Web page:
Your mother was right again— breakfast is the most important meal of the day. Failing to optimally fuel your body first thing in the morning can leave you more prone to fatigue, low concentration and may even make it more difficult for you to lose body fat. An optimal nutritional intake at breakfast will include at least one type of low glycaemic index, wholegrain carbohydrate as well as a source of nutrient rich protein. The slowly digesting carbohydrate will help regulate blood glucose levels throughout the morning while simultaneously refuelling the muscles. Protein will provide both essential nutrients including calcium and iron but also help to keep you full throughout the morning. One of the most challenging issues when attempting to achieve this balance is that the large majority of breakfast cereals and bread readily available are high glycaemic index, meaning they are digested relatively quickly. Plain breakfast cereals such as corn flakes as well as flake style varieties which are sweet or contain dried fruits all tend to be high GI as does white and wholemeal bread. For this reason, your best carbohydrate choices at brekkie will be oats, muesli or grain breads, teamed with low fat milk or yoghurt, egg or baked beans.
Breakfast skipping proposes an issue for metabolic rate as after 10-12 hours without food (the overnight fast), the body begins to slow down its burning capacity in an attempt to preserve fuel. This is the reason that you may find you get hungry 2-3 hours after eating your breakfast. The body is kick starting the metabolism and burning food again. Remember, hunger is a good sign. It means that your body is burning food well. In fact, a large breakfast may be particularly important in optimal fat burning. A recent study published in the International Journal of Obesity found that dieters who had large breakfasts, lost significantly more body fat on a energy restricted diet than those who had a small bowl of breakfast cereal only. So, if you have been having the same, small breakfast for as long as you can remember, it may be time to increase the size a little. Try adding some extra fruit or yoghurt and then avoid snacking through the morning.
Two of the most common issues observed with individual breakfast choices include eating too much carbohydrate without adequate protein and overdoing the coffee. For example, heavy muffins, pancakes, banana breads and large serves of muesli with fruit may contain plenty of energy rich carbohydrates but with little other nutrition. This significant energy load can result in a surge of glucose delivered to the body’s cells, followed by a drop, resulting in fatigue and low energy. Always remember to combine these breakfast choices with other protein rich foods such as a low fat dairy to help prevent this response. Another issue is drinking extremely large serves of milk based coffee, especially if they are teamed with sugar laded syrups and toppings. Keep in mind that a jumbo vanilla latte can have as many calories as the breakfast meal itself so always choose small cup sizes, avoid added syrups and ask for skim or light milk.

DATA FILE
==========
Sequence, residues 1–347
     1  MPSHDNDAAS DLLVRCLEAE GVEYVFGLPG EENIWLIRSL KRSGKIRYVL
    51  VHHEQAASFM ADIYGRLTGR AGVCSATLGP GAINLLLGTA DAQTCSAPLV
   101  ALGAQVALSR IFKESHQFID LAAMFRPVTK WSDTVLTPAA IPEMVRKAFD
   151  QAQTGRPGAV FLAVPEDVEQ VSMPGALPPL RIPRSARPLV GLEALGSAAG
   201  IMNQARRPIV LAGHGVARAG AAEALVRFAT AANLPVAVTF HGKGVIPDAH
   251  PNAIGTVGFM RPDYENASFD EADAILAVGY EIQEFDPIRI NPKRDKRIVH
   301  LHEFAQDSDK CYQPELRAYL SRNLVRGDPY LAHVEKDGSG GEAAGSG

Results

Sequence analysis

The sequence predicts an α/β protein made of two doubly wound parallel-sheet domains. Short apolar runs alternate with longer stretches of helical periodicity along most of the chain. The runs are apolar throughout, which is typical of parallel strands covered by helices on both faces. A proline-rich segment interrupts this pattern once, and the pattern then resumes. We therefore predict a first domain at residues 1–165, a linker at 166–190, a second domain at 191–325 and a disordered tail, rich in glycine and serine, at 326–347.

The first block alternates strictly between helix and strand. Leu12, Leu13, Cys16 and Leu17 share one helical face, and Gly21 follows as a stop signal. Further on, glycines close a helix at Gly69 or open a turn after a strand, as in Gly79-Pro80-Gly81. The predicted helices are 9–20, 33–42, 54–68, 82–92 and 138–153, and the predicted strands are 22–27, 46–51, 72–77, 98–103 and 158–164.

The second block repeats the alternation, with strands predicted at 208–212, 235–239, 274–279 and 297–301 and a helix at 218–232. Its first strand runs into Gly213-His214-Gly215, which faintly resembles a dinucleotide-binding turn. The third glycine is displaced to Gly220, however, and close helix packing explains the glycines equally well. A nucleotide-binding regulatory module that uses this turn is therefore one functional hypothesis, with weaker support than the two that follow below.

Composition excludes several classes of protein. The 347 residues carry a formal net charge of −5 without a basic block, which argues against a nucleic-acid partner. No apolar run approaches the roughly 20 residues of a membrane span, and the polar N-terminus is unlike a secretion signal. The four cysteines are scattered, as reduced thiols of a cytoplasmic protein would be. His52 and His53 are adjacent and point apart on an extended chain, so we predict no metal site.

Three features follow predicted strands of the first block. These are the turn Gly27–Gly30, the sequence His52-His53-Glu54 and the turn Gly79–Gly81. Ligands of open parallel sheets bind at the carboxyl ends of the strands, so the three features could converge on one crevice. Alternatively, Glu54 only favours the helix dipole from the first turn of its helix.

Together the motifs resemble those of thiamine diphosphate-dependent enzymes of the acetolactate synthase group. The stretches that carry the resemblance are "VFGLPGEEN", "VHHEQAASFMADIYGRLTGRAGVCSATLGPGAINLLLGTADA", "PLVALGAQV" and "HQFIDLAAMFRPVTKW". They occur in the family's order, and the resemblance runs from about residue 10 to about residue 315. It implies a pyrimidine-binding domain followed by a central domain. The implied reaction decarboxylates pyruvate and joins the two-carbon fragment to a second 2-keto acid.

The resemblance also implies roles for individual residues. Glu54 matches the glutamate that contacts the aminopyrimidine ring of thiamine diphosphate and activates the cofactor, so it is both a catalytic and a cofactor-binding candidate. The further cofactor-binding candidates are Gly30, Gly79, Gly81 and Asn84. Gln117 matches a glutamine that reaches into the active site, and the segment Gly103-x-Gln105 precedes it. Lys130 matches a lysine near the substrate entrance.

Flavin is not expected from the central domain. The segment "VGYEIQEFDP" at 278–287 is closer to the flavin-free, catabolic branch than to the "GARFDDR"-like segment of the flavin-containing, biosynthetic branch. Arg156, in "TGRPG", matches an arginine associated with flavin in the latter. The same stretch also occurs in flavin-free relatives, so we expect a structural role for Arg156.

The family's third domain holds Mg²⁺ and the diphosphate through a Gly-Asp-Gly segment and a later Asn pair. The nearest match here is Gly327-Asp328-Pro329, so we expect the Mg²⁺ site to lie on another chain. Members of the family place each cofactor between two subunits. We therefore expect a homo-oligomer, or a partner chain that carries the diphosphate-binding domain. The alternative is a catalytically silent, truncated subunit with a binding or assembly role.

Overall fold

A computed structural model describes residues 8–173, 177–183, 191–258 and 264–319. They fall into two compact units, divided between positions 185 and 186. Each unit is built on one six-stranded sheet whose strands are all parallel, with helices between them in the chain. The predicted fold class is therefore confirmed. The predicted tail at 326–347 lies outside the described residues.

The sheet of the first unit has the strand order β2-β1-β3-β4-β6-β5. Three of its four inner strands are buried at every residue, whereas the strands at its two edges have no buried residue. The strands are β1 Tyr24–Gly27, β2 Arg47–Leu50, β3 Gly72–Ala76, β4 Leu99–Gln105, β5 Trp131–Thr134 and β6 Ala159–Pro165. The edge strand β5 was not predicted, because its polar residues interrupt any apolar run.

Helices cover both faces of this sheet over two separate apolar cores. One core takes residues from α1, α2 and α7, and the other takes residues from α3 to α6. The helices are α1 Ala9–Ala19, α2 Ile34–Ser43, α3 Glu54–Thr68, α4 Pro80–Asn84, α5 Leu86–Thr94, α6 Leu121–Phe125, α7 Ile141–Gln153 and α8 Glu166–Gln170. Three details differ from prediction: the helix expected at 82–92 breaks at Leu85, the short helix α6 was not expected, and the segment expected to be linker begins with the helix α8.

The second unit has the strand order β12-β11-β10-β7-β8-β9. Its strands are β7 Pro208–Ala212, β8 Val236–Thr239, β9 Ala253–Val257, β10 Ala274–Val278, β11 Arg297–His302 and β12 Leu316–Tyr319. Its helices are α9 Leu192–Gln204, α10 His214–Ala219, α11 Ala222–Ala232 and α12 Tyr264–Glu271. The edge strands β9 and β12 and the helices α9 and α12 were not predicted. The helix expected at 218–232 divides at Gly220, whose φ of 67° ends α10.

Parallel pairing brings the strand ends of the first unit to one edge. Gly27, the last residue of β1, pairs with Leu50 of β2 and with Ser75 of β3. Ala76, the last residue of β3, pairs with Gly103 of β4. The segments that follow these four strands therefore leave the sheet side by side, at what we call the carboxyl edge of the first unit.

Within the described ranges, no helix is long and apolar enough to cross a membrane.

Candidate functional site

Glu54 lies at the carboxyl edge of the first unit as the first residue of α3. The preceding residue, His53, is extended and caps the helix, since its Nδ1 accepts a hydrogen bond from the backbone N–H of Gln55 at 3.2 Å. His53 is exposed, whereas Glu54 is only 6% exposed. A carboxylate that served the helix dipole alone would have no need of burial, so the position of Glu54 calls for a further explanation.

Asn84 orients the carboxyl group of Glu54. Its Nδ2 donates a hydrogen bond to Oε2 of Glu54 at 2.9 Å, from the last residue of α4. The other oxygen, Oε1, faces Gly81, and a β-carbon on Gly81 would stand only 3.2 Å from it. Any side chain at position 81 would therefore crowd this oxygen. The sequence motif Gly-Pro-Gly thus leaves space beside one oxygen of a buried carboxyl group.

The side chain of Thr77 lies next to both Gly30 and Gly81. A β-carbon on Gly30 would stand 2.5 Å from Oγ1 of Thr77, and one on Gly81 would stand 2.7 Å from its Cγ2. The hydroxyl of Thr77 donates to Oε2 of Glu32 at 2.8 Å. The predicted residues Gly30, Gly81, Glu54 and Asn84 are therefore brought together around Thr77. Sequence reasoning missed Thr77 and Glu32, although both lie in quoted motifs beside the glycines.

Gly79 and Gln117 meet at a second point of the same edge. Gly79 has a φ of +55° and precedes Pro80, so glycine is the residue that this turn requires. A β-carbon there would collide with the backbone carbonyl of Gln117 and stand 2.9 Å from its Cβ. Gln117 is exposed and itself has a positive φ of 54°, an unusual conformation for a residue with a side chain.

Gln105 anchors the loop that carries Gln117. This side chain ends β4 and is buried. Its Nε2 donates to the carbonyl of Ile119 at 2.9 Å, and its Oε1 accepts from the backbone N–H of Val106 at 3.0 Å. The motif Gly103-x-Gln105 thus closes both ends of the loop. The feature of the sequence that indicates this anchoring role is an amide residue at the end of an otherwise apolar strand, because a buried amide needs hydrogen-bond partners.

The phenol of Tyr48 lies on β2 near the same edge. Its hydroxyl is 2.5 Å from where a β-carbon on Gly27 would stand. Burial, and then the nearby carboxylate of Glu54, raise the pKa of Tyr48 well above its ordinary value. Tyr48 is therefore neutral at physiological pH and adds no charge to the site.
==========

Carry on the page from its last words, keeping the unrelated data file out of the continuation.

If you find it challenging to down a large breakfast before early morning rides, try and eat at least a small amount of carbohydrate before you head out on the bike. Remember, the body is only able to access fat stores if it has some carbohydrate readily available to do so. Try eating a couple of crackers, a small snack bar or even half a glass of low fat milk to provide the body with a small amount of fuel to allow it to access fat stores for energy during the ride. And most importantly, do not forget to enjoy a substantial breakfast when you finally come in off the bike.
Top 10 Breakfast Choices:
• Fruit free muesli with thick style yoghurt (Bircher)
• Oats or bran with low fat milk and fruit
• Thick style yoghurt with fruit salad
• Wholegrain toast with poached eggs
• Protein shake with fruit and low fat milk
• Skim Latte and sourdough with peanut butter
• Carman’s breakfast bar and skim milk based coffee
• Fruit smoothie or liquid breakfast drink,such as Up & Go Energise™
• Baked beans on grain bread roll
• Vegetable omelette with sourdough toast
250mls skim milk
2 teaspoons Vanilla Protein Powder – Musashi
½ cup Carman’s Fruit Free Muesli
2 tablespoons thick style yoghurt
1/2 cup berries